Review of Hope Springs

Movie Description(Click Here To Hide)
A romantic comedy-drama directed by David Frankel and written by Vanessa Taylor, Hope Springs follows a couple (played by Meryl Streep & Tommy Lee Jones), who, after thirty years of marriage, decides to attend an intense, week-long counseling session to work on their relationship. Other cast members include Steve Carell and Elisabeth Shue.
3

Spectacular Cast Gives Hope to "Hope Springs"

-- Rating: PG-13 (mature thematic content involving sexuality)

Length: 100 minutes

Release Date: August 8, 2012

Directed by: David Frankel

Genre: Comedy / Drama

"Hope Springs" is not a romantic comedy. In fact, Kay and Arnold have been married for 30 years. They have settled into such a routine that they may not even know what romance is anymore. "Hope Springs" is, instead, an understated slice-of-life film. Both comedic highs and dramatic lows mark the course of the story, but overall it is the simple, all-too-common tale of love left by the wayside over years of benign neglect.

Director David Frankel ("The Devil Wears Prada") teams up with Meryl Streep ("It's Complicated") again on "Hope Springs," this time encouraging the Oscar-winning actress to play to her considerable strengths in subtlety and nuance. Kay is painfully lonely-a wife and mother who feels she's been cast aside in her own home.

Kay's husband, Arnold, portrayed gruffly and grumpily by Tommy Lee Jones ("The Fugitive"), has taken to enjoying television more than his wife's company. The two barely communicate with one another and certainly never kiss. They even sleep in separate bedrooms. But while Arnold is seemingly comfortable with their arrangement, Kay most certainly is not.

Enter Dr. Feld, played by an unusually deadpan Steve Carell ("Little Miss Sunshine"). Dr. Feld runs a week-long intensive couples' retreat in the tiny Maine town of Great Hope Springs. Kay wheedles Arnold into attending with her, and much of the movie takes place in sessions on Dr. Feld's couch. Many of the film's laughs are had here as well, as Kay and Arnold struggle to talk about delicate topics despite their discomfort.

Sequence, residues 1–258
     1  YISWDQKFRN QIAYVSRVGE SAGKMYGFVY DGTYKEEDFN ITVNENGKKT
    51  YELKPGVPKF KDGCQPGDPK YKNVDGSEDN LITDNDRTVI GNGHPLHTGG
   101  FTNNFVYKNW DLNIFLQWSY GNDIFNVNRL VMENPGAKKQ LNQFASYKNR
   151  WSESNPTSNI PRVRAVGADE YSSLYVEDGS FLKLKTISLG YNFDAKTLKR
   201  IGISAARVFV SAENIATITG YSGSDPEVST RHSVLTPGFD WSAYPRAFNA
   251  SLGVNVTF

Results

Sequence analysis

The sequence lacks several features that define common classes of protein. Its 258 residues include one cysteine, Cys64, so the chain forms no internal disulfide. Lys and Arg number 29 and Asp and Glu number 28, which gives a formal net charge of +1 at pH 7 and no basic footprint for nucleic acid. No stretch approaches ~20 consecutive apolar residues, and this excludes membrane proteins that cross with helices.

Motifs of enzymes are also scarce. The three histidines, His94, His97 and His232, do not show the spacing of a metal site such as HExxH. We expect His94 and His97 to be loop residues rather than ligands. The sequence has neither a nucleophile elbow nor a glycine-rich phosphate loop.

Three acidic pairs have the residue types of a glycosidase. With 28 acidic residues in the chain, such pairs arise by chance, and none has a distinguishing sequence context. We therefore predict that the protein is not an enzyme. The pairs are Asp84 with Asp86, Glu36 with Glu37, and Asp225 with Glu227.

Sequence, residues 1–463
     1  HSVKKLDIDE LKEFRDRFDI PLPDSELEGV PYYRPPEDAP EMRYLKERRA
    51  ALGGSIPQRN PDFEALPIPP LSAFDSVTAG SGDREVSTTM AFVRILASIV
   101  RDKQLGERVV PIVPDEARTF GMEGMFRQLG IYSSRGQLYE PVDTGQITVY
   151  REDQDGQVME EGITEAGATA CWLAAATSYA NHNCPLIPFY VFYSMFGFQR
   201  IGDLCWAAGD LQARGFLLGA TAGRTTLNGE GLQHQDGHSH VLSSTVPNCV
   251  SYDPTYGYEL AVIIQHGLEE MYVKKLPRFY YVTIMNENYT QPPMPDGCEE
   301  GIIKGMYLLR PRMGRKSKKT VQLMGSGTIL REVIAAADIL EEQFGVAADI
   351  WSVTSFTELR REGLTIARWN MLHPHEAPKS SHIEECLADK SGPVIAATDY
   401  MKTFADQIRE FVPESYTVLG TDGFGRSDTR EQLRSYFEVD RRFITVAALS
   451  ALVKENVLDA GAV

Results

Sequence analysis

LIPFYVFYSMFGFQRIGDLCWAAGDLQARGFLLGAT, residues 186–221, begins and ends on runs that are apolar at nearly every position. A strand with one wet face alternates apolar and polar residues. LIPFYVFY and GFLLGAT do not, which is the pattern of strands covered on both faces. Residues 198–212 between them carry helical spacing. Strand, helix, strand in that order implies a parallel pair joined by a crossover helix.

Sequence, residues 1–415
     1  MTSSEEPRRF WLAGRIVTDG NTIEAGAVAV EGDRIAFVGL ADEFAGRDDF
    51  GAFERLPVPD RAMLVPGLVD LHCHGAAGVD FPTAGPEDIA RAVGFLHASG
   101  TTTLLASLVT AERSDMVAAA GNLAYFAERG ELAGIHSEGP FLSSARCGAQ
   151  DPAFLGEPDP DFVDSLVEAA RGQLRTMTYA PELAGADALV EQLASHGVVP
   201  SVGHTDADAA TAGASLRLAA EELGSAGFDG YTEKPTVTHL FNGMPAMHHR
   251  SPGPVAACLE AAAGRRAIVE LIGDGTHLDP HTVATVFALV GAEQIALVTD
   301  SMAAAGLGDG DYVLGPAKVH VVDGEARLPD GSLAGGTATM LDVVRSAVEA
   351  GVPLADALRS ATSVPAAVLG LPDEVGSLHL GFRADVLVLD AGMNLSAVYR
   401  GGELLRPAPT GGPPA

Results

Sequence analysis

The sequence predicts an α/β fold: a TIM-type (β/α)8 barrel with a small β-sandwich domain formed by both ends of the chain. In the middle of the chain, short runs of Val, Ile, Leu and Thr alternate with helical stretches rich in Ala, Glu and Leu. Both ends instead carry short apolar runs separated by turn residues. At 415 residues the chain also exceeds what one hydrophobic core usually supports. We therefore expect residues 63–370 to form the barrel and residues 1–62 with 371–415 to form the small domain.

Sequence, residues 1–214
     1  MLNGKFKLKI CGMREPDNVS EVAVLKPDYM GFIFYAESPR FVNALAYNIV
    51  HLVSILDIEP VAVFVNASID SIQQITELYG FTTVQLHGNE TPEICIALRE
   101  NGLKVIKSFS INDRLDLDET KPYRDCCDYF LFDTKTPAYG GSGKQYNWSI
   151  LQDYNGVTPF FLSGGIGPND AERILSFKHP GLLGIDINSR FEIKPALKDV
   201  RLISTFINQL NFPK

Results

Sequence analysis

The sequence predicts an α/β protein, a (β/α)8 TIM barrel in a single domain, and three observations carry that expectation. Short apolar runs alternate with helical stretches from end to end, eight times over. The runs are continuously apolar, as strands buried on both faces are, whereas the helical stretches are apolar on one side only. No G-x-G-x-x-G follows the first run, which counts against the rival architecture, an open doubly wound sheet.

The trailers for "Hope Springs" misrepresent the tone of the movie. "Hope Springs" is not "American Pie" for retirees. While occasional raunchy moments present themselves, the movie is neither focused on them nor relying on them for humor. Instead, they are absurd exercises performed by two people who have lost their way but are both trying to get back to each other.

The subject matter of the film had the potential to be clich├ęd, and Vanessa Taylor's script sometimes missteps. However, Frankel's careful direction of veteran stars Streep and Jones keeps audiences riveted despite minor flaws.

Star power is the driving force behind "Hope Springs." The sheer amount of talent assembled in the cast makes the film well worth watching, and the actors are all at the top of their game. Carell returns to serious acting with his turn as Dr. Feld and reminds viewers that he's much more than just a comedian. Jones uses his trademark gruffness to wonderful effect, so when Arnold does unleash a smile, the audience smiles right along with him. Streep avoids going too over-the-top with comedic gags, reverting to her roots and relying on gestures, body language, inflection, and facial expressions to portray the pain and frustration Kay feels.

Summer films are often geared toward younger audiences, and this makes "Hope Springs" a delightful change of pace for more mature audiences. Little effort is made to camouflage wrinkles or otherwise make Streep and Jones appear younger than their years, and the effect is a believable late-life couple, not so very different from your parents, your friends, your neighbors, or even yourselves. It is not going to be summer's big blockbuster hit, but it is an enjoyable film that is likely to stand the test of time.

Ultimately, anyone who has ever been in love will be able to relate to this movie. The simple act of yearning for the closeness that once came so easily is a tale as old as time. Like real life, "Hope Springs" doesn't have a pat, happy ending. Instead, Kay and Arnold learn to talk to each other and connect to each other again, choosing to put in the hard work that makes any relationship last.

With Jean Smart and Elisabeth Shue turning in small supporting roles in the film, it is filled with familiar faces and trusted talent who take the material they've been given and elevate it with elegant, spot-on performances. "Hope Springs" is not your ordinary love story, perhaps because it's actually the most ordinary love story of all. There are no wacky adventures or surprise plot twists. What "Hope Springs" does, and does well, is tell a love story everyone can understand, because everyone has lived it - what happens after happily ever after simply becomes boring.

"Hope Springs" is playing in theaters now and is well worth a view.

Rating: 3 out of 5